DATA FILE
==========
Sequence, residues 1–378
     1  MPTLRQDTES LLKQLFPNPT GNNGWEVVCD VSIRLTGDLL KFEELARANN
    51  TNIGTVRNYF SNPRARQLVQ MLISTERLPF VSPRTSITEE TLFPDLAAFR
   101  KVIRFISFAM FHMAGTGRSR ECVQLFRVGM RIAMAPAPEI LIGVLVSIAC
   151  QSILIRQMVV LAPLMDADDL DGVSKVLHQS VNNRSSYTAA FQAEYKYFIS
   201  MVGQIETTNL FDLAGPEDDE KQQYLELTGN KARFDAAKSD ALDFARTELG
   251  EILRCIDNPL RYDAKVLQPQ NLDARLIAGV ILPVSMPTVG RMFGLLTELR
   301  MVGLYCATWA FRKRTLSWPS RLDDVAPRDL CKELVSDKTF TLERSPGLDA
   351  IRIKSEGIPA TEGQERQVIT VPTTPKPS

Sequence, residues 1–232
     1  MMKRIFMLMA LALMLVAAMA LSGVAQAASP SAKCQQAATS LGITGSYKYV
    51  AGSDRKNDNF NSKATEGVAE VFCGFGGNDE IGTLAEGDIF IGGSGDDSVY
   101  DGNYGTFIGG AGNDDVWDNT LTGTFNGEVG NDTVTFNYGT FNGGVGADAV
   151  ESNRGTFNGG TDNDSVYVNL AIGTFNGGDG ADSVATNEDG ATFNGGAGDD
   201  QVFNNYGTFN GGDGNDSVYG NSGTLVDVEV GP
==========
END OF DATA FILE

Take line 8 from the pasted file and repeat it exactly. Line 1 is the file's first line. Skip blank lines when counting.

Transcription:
   301  MVGLYCATWA FRKRTLSWPS RLDDVAPRDL CKELVSDKTF TLERSPGLDA